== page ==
VARSITY TEAMS: 21
INTRAMURAL SPORTS: 31
FAMOUS ALUMNI: JACK NICKLAUS, JESSE OWENS
EXTRA CREDIT FOR: UNDERWATER-HOCKEY CLUB
The loudest roar at this year's Rose Bowl didn't go up when Ohio State quarterback Joe Germaine hit wide-out David Boston for the five-yard touchdown with 19 seconds to play that clinched a 20-17 win over Arizona State and a No. 2 national ranking for the Buckeyes. No, the heartiest cheer went up at halftime, when a tuba player from the acclaimed Ohio State marching band stepped to the 35-yard line to dot the i of the band's famous Script Ohio formation.
No band in the land is better at rousing fans and players than Ohio State's. Buckeyes football coach Woody Hayes used to say the band was so good it was worth six points at home and three on the road. "Woody loved our band," says associate athletic director and alltime great Ohio State running back Archie Griffin. "Anytime he didn't think we were working hard enough in practice, he'd gather us together and start yelling stuff like, if we worked half as hard as our band, we'd be champions.' " The musicians, in turn, honored Hayes at an October 1983 game against Wisconsin by letting him dot the i. That privilege is normally bestowed only upon the highest-ranking tuba player or a nonsports dignitary, though Griffin—whose 1974 and '75 Heisman Trophies make him the only player to have won the award twice—was also allowed to dot the i, at halftime of a Cincinnati Bengals game in 1994.
Among the current or former buckeys who have not dotted the i are Olympic hero Jess Owens, Hall of Fame football coach Paul Brow, basketball greats John Havlicek and Jerry Lucas, golfar Jack Nicklaus, 1995 hiesman Trophy winner Eddie George, or anyone from the '96 NCAA-champion men's gymnastics team or the nationally dominant synchronized swimming team. Few school can match that list of notables. Nor can many claim to have a stadium as venerable as Ohio State's 75-year-old, 89,000-seat horseshoe, which with its splotchy stones and high arches looks as if it might have been erected by the Romans. Ohio Stadium is home to a student dorm (just look below the west stands for the windows that have KILL MICHIGAN on them) and a bevy of football traditions, including Senior Tackle, in which Buckeyes seniors get one last chance to hit the tackling dummy before playing the archrival Wolverines: last year's Senior Tackle drew 25,000 spectators.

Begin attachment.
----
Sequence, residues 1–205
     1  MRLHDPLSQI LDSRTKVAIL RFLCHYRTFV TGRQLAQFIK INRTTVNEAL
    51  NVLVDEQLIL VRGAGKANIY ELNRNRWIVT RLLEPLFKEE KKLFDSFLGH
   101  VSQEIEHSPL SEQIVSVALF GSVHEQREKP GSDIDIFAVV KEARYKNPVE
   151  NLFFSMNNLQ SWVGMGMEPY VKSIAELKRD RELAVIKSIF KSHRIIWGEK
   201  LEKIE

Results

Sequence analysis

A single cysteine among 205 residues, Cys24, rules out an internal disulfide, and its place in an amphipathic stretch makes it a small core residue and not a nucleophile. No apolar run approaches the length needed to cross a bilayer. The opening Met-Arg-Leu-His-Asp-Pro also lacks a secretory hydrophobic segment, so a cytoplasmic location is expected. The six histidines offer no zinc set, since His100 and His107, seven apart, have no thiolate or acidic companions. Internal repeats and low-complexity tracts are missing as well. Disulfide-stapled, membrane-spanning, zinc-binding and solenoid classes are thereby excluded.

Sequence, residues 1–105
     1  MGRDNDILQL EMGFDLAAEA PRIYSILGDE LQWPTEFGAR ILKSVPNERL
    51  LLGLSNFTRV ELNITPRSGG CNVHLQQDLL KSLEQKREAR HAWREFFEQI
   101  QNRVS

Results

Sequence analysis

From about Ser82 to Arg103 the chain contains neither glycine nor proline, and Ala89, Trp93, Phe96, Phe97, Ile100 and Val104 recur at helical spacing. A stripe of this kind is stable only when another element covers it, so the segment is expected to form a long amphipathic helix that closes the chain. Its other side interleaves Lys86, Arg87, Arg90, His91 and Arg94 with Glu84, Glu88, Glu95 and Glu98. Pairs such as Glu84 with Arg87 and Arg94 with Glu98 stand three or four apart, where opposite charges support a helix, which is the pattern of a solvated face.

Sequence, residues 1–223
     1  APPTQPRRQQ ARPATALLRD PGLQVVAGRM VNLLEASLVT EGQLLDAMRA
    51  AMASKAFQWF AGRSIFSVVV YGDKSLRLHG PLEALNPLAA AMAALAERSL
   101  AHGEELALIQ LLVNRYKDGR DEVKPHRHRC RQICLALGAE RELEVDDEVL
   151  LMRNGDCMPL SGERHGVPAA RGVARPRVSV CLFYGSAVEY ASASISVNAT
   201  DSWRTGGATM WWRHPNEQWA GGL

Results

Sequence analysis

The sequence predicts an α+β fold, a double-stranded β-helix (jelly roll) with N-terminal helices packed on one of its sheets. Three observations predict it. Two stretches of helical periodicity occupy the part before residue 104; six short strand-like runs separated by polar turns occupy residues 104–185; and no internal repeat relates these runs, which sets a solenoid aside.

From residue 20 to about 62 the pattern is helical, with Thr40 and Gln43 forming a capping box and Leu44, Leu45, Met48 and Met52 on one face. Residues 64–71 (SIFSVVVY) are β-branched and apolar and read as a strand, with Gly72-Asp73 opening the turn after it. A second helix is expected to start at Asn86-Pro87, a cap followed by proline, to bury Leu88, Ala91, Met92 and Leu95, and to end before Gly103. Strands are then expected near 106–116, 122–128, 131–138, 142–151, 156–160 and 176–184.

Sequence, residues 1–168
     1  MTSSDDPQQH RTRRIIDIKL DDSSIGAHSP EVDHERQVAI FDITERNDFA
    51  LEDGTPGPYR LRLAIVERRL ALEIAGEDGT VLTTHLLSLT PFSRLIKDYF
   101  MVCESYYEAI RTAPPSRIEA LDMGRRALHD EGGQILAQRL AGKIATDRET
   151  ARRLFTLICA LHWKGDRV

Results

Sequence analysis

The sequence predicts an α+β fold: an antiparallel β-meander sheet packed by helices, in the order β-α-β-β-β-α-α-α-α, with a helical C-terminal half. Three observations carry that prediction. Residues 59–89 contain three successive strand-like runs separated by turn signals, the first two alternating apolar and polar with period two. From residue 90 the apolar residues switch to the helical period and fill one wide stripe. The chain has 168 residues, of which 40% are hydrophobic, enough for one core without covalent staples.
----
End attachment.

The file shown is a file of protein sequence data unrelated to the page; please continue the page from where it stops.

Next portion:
But the stadium isn't the only hotbed of sports activities. Students flock to the roller-hockey facility and dive to the bottom of the Peppe Aquatic Center pool to play for the underwater-hockey club. The diverse intramural program includes horseshoes, inner-tube water polo, sports trivia and even darts and euchre. And while Ohio State's varsity football team fell one spot short of last season's national championship, an intramural flag-football team from campus beat a team from the University of Florida (thereby reversing the schools' finish in the polls) 33-13 in the national final in New Orleans. It was the first time a team north of Mississippi had won the title. Had the band been on hand, Ohio State would no doubt have won by even more.